07/19/2011 08:31 am ET | Updated Sep 18, 2011

Do Great Mothers Make Great Leaders?

Today I had one of those mornings. You know the kind I'm talking about. I couldn't find my keys, then after finally making it out the door while already running late had to run back inside because I couldn't remember if I turned off my iron. Then I had to double check to make sure that I turned off my other iron, as in my curling iron. Then since I was already inside I ended up searching for an umbrella "just in case," and at that point decided I might as well change my shoes.

On mornings like these I am reminded of how in awe I am of the countless people who not only get themselves out the door every morning without a hiccup, but manage to get an army of little ones out the door too, and manage to do so with the precision of a military operation. Recently I found myself discussing this somewhat undervalued skill set with a group of moms. They noted that while Michele Bachmann has gotten a great deal of attention for being a foster parent to 23 children, and has been praised for what that choice seems to say about her generosity, they pointed out that her ability to effectively manage a household with so many children -- at one time while also juggling a demanding career -- also speaks to her organizational capabilities, something she hasn't gotten as much credit and praise for.

Did I mention that I was speaking with a group of progressive moms?

For the record, none of these women suggested that this skill set automatically makes Michele Bachmann qualified to hold the nation's highest office (and from a policy standpoint I know they don't consider her White House-worthy), but the conversation did get me thinking and wondering: Is the skill set required to effectively manage a home (emphasis on "effectively") all that different from the skill set required to be an effective manager in the workplace or in government? I'm certainly not suggesting that giving birth automatically makes someone an effective leader, but I am suggesting that the skills required to excel at managing one domain are transferable to another, yet we rarely treat them as such.

Before entering politics former House Majority leader Tom Delay worked in pest control -- earning him his nickname "The Exterminator" -- while his successor, Dennis "Denny" Hastert was a high school wrestling coach. I'm not insinuating that either position should have disqualified them from a career in politics (and in Delay's case the pest control thing lends itself to so many lobbyist jokes I don't even know where to begin). But I am wondering why it seems that experience like this is somehow perceived as more relevant to public service than the experience of successfully raising a family -- emphasis on successfully. After all, are the skills required to run a successful small business, such as a pest control company, really that different from the skills required to run a home? To succeed at either you have to effectively manage others, know how to budget and execute finely tuned schedules, to name just a few qualifications. (I have a feeling that some of the people I know who have small kids in multiple activities, tutoring, soccer, karate etc., could run circles around some of the professional campaign schedulers I know.)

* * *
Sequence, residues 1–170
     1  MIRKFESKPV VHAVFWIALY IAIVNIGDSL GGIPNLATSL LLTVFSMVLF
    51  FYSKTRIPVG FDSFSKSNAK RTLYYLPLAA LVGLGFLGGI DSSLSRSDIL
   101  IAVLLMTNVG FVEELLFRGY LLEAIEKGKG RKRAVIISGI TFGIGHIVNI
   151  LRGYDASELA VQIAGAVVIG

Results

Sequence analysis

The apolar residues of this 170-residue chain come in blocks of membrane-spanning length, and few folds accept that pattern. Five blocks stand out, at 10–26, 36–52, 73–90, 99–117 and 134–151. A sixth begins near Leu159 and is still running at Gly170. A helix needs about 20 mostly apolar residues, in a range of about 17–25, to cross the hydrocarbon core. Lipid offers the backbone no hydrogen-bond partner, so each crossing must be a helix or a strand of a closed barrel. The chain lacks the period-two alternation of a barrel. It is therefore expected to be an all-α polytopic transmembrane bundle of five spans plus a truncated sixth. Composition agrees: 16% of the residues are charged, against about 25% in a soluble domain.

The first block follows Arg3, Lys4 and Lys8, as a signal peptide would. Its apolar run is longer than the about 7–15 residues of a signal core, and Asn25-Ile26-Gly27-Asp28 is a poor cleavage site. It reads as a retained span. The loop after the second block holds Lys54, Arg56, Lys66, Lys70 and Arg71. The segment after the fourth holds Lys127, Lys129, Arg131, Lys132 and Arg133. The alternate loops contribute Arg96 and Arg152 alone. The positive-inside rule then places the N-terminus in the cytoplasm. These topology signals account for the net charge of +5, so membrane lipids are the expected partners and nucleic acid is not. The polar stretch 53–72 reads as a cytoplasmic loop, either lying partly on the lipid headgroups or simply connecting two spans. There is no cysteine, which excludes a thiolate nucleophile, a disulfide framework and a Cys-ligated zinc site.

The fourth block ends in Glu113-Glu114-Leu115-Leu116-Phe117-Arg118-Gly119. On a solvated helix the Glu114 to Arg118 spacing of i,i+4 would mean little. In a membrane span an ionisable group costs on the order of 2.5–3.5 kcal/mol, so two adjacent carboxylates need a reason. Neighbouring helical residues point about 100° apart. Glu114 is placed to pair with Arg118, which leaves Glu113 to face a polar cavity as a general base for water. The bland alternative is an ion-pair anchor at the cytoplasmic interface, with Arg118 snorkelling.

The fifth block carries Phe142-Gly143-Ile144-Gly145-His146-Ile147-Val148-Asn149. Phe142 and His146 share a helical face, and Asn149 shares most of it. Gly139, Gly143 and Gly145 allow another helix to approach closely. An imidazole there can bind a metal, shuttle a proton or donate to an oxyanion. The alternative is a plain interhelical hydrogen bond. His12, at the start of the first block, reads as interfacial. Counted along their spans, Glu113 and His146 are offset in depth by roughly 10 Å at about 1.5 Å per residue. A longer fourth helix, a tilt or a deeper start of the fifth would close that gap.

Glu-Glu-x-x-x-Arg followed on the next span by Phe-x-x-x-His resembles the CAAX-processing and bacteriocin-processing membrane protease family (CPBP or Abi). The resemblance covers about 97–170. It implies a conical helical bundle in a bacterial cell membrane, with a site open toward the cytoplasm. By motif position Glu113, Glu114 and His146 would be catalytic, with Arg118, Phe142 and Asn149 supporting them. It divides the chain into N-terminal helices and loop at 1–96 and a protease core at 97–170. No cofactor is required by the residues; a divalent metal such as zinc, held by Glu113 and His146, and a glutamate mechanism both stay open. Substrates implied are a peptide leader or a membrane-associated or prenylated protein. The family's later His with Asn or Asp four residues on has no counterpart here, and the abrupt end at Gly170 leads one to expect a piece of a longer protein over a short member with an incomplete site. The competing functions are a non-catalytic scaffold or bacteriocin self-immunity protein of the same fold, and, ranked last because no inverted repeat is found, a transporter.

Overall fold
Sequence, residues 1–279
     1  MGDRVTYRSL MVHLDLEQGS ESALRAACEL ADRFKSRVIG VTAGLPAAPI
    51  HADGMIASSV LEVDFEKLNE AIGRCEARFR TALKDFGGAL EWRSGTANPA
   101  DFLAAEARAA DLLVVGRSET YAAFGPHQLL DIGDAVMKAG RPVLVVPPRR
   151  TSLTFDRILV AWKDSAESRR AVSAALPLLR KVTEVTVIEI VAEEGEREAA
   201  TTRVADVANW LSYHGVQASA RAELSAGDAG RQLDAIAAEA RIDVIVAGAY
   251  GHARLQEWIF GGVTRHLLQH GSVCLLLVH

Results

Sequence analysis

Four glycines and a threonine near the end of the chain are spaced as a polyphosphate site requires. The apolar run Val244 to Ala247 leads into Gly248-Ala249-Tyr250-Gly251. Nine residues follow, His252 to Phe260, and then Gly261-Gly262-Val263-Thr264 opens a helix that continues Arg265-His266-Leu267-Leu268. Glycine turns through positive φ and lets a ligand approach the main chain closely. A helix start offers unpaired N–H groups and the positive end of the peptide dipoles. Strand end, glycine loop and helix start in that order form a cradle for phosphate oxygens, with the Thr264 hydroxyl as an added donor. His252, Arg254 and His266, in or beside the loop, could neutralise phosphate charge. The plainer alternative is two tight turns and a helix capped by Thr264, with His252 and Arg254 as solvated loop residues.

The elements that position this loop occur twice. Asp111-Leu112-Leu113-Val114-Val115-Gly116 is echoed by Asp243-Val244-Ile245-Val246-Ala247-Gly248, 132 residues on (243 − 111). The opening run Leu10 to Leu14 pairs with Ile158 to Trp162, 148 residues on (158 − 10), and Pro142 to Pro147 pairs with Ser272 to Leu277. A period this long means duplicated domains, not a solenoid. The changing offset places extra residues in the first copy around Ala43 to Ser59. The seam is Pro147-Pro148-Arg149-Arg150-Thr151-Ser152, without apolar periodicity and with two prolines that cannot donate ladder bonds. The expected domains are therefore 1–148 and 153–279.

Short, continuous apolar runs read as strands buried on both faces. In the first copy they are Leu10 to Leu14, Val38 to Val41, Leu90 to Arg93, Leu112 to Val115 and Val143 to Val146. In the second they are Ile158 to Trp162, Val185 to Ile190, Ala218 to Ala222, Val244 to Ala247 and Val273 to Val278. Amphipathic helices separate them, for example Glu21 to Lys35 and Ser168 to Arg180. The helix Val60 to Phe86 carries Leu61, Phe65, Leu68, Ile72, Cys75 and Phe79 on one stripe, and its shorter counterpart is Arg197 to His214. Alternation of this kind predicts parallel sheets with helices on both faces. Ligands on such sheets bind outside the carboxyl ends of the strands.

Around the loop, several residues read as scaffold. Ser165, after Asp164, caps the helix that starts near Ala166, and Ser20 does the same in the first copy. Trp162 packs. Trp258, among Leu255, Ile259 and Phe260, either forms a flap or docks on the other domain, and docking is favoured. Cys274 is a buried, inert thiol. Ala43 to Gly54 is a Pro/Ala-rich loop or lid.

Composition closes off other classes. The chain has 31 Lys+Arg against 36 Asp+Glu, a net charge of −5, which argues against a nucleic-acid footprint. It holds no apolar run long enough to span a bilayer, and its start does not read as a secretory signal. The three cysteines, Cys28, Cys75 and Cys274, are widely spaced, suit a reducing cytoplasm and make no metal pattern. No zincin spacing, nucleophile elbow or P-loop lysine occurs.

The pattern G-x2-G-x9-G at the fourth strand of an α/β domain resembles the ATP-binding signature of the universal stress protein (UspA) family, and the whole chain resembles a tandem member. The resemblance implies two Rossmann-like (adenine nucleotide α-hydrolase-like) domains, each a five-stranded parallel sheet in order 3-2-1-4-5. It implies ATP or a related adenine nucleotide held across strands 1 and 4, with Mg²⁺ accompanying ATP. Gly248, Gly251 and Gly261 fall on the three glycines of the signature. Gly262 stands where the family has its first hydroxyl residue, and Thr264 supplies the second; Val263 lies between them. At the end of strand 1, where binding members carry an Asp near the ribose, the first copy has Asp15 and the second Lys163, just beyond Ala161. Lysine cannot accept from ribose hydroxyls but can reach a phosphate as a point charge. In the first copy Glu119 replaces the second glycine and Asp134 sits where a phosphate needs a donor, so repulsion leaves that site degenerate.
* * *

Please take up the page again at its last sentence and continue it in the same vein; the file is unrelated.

This is not to assume that every parent or homemaker out there is good at his or her job. But this is to say that as a society we seem to do a pretty lousy job of providing any incentive for people to invest as much in those "jobs" as in others outside of the home. Often succeeding at the most important jobs -- such as being a good parent and a good person and raising children who will become good people too -- carries very little cache.

Meg Whitman vaulted to the front of the political line on the strength of her impressive professional accomplishments and even more impressive wallet -- like plenty of male candidates before her. Yet by multiple accounts her home life suffered (also like plenty of male candidates). My question is why is someone like her automatically deemed a more qualified candidate for office than a woman who may not have risen quite as far, as fast because she was busy investing in her children, and in the case of someone like Bachmann, other people's children too? (Click here to see the other women who like Bachmann, are politically powerful and are also mothers of large families.)

Before the tomato throwing begins, as I noted on MSNBC's "The Dylan Ratigan Show" I'm not arguing that Michele Bachmann is presidential material. But I will argue that if Herman Cain can be considered a serious contender for president based on a record of running several pizza joints, then why shouldn't a woman who not only worked as a lawyer, but managed a home that had at least eight children at a time in it (and over the years more than twenty), be considered a serious contender as well?

Yes, Michele Bachmann has inserted her foot in her mouth plenty of times. (Her John Wayne Gacy gaffe is possibly one of the most accidentally amusing in the history of American politics). But why is it that a male politician who made so many gaffes that they have filled multiple books -- literally -- and whose professional accomplishments before being elected to office included failing at multiple professions and owning a baseball team, was considered a serious candidate by the establishment but a female candidate with a law degree who managed a family the size of a baseball team, has been dismissed by much of the same establishment as a good-looking "flake?"

Keli Goff is the author of The GQ Candidate, a fictional look at a black, Jewish candidate running for president which was recently designated a recommended summer selection by The Los Angeles Times. She is also a Contributing Editor for, where this piece originally appeared.